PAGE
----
EP 114 - Responsible and Responsive with Elliot Gantz

Lessons in Entrepreneurship from a Veteran Business Owner, My Dad, Elliot Gantz

Hey there, we are taking a step into the Wayback Machine today with a much beloved and much-downloaded podcast episode from 2018 with my dad, Elliot. Now I spent five years working for him, but never took over the business.

I think that my father was really great at encouraging me to follow my own passion, which I really appreciate. However, Elliot, my dad, has been a great mentor to me where everything throughout my life was annoyingly a lesson.

Now, that doesn’t mean our relationship was without its ups and downs, dramas, and disappointments. I always like to share that when people hear me talking to my dad because we have both worked really hard to have the relationship that we have today.

I’m replaying this because 100% of the businesses that I work with right now are family-owned. Given the data on family-owned businesses, there is a really good chance that maybe you have a family-owned business.

Now here’s what that means. That means multiple family members are working together, or the son or daughter has bought the business from a parent. Or even in one case, my client has purchased the business from a long-time mentor who was like a father figure, or a mentor-like figure. Or their parent owned a business and they have started their own business like I have but they have mom or dad in their head with them on a daily basis.

I have found some pretty interesting statistics on family businesses. These statistics are a bit old. They’re good 10 to 15 years old but really they highlight the importance of family business and the fact that it takes a village to run a business, or more specifically, a family.

Now there were 5.5 million family businesses in the United States. This was a statistic from 2011. Family-owned businesses contribute 57% of the US GDP and employ 63% of the workforce and are responsible, at the time, for 78% of all new job creation. 35% of Fortune 500 companies are family controlled.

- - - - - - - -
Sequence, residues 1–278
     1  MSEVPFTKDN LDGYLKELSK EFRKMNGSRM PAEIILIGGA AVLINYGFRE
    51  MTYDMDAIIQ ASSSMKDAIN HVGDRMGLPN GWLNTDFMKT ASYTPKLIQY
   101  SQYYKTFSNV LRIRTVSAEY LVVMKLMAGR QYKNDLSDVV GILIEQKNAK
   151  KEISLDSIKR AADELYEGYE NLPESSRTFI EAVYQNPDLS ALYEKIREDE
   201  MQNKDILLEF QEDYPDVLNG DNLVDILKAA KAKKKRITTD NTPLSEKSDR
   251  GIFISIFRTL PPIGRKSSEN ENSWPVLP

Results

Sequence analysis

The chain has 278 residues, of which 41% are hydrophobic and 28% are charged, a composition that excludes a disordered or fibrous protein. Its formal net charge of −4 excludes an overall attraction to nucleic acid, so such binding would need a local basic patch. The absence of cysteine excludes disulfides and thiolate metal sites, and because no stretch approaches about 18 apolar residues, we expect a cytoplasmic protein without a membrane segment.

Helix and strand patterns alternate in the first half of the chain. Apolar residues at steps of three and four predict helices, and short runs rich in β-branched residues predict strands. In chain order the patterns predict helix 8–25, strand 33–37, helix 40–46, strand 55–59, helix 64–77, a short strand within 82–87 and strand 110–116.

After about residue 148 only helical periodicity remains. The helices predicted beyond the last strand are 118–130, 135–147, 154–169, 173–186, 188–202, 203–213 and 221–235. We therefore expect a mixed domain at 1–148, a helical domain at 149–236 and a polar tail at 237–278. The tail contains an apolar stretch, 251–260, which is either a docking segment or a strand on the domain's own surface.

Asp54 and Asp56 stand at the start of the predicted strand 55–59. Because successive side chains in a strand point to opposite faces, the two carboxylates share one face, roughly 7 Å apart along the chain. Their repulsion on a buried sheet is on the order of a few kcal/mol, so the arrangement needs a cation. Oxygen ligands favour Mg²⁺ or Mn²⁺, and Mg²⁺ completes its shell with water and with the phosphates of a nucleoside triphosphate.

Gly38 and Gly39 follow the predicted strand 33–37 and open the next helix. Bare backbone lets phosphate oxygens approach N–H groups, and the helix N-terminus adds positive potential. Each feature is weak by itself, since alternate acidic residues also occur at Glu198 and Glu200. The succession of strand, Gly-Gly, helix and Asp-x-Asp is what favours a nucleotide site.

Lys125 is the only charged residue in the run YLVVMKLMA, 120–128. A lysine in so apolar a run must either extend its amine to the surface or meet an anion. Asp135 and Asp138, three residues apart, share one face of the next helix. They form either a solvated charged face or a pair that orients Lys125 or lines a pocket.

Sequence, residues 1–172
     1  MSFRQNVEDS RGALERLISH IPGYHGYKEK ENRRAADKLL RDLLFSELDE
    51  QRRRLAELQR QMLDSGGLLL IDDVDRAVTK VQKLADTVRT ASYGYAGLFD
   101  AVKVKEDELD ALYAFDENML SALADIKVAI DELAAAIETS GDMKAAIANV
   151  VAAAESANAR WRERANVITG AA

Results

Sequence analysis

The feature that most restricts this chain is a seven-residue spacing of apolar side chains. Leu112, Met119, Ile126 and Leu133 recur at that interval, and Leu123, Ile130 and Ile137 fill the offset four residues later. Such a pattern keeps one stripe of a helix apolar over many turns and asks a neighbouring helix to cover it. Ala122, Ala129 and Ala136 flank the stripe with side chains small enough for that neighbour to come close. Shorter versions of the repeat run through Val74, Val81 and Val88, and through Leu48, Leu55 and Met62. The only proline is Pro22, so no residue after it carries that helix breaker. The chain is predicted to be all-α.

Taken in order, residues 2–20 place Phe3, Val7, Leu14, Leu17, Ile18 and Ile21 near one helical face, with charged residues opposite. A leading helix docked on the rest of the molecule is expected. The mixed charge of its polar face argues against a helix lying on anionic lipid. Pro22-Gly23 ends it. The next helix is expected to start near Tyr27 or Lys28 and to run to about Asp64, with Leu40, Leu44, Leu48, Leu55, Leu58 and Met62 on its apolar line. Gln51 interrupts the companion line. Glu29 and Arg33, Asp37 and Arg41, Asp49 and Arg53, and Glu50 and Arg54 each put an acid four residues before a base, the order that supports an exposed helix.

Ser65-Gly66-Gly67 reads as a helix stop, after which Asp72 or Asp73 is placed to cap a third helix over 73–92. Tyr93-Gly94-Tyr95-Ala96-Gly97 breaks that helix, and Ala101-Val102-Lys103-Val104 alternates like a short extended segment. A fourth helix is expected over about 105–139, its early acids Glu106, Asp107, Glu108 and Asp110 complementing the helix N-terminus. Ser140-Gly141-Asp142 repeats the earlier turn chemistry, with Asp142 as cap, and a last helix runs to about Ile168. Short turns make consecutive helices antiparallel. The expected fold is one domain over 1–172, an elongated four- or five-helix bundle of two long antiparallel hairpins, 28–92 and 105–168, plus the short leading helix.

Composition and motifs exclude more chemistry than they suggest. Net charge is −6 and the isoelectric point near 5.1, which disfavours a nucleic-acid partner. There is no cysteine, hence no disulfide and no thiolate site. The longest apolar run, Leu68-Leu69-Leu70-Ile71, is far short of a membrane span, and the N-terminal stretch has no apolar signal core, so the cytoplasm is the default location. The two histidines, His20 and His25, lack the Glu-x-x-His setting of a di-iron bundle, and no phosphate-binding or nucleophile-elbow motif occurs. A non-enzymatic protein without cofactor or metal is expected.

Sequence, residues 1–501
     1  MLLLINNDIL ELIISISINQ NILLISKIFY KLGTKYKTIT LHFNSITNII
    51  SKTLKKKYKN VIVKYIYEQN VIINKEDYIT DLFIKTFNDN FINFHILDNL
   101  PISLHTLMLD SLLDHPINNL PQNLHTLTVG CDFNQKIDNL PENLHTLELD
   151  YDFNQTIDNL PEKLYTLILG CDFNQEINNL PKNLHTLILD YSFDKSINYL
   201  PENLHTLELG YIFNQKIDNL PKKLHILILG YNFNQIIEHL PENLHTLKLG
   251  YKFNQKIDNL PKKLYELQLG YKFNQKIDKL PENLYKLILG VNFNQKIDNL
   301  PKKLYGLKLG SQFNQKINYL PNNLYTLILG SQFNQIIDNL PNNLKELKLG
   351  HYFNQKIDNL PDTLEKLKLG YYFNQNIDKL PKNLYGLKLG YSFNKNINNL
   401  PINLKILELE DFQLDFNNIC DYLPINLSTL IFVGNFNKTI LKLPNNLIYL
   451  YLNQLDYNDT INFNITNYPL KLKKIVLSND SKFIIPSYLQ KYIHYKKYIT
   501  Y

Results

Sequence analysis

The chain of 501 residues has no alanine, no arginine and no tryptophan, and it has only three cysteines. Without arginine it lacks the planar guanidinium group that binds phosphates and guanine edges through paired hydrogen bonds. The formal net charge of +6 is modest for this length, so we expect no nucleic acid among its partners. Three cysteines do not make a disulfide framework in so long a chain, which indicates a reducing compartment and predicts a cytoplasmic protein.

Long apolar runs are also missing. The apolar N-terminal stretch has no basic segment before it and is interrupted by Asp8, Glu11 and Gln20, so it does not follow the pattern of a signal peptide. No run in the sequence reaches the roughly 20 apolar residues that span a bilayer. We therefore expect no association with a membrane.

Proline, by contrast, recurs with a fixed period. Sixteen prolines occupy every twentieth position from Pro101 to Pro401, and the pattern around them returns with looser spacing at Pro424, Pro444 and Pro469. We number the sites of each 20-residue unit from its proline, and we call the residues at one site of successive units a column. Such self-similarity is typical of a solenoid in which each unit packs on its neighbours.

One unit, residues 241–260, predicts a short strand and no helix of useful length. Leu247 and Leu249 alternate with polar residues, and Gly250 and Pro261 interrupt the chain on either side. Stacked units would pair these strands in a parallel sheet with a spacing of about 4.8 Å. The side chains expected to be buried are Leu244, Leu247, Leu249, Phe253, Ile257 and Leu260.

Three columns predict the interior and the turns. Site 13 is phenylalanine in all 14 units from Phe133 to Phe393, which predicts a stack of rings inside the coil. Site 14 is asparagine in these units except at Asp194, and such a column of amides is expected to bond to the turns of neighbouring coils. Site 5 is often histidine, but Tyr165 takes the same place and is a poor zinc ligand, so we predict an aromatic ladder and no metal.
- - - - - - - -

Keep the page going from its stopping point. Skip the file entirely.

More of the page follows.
It’s about families in business more than family business. So 77% of all new business ventures established in the United States are founded with significant involvement of the family in the business. Another 3% engaged family members within the next two years. 48.1% of entrepreneurs said they grew up in a family business like I did.

That’s why this is such a big deal. While entrepreneurship has certainly grown a lot and these statistics have likely changed, we’re coming upon the biggest wealth transfer we’ve ever seen, and that likely includes family businesses.

If you’ve ever wondered the popularity, the importance, or the significance of family business, just look at TV, Sons of Anarchy, Arrested Development, another Jason Bateman one, Ozark, A&E’s reality show about Mark Wahlberg, Breaking Bad, Succession, Yellowstone, and even the new Netflix series The Gentlemen.

While many of these shows have nefarious components that we all love to tune into, most family businesses do not, but they do have unique problems when it comes to scaling and success while maintaining their sanity and the sanctity of the family. So to pay homage to my clients and their challenges, here’s me and my dad talking business.

Hey, bold leaders. I’m excited today to have a very special guest in the podcast studio with me, my dad, Elliot Gantz, who is a veteran entrepreneur. How many years have you spent running your own business?

Elliot Gantz: A good 35.

Tara Newman: 35 years running his own business and then in true entrepreneurial fashion retires and starts another business. Right?

Elliot Gantz: Well, a smaller continuation of the business that I was in.

Tara Newman: Same difference, because he couldn’t seem to just retire and go off to a golf course.

Elliot Gantz: No, not at all, not my style. The business has a certain amount of intrigue, a certain amount of problem solving. If you’re a problem solver and you like to problem solve, then you need to be in business. Retirement is kind of, unless you’re the type of person that could sit on the couch or watch TV or go play golf or play tennis, which I’m not, then it’s not for you.

Tara Newman: Yeah, so I did manage to pull him away from his business dealings and his day trading to come and do a podcast episode with me because last week, we were sitting in a diner and we were having a conversation. It was such a great conversation. I was just asking him questions and listening to him respond and I really got so many wonderful takeaways from the conversation that I wanted to share it here with you today.

I have to say that when I decided to leave my corporate job where I was making good money, I had great benefits, I had insurance, and all those things, I was really scared to tell my dad that I was starting my own business because I thought that he would be worried for me and that he would want me to try and stay where there was consistent income and reliable income.

I was really amazed to find that he was actually my biggest supporter in starting my own business. So I just wanted to start by asking him that question. What made you so supportive of me doing something so seemingly risky?

Elliot Gantz: Well, at the time I didn’t think it was as risky as you might have thought it would have been. You spent many years honing your craft, working for many different people in the industries that you are now settled into and it was time.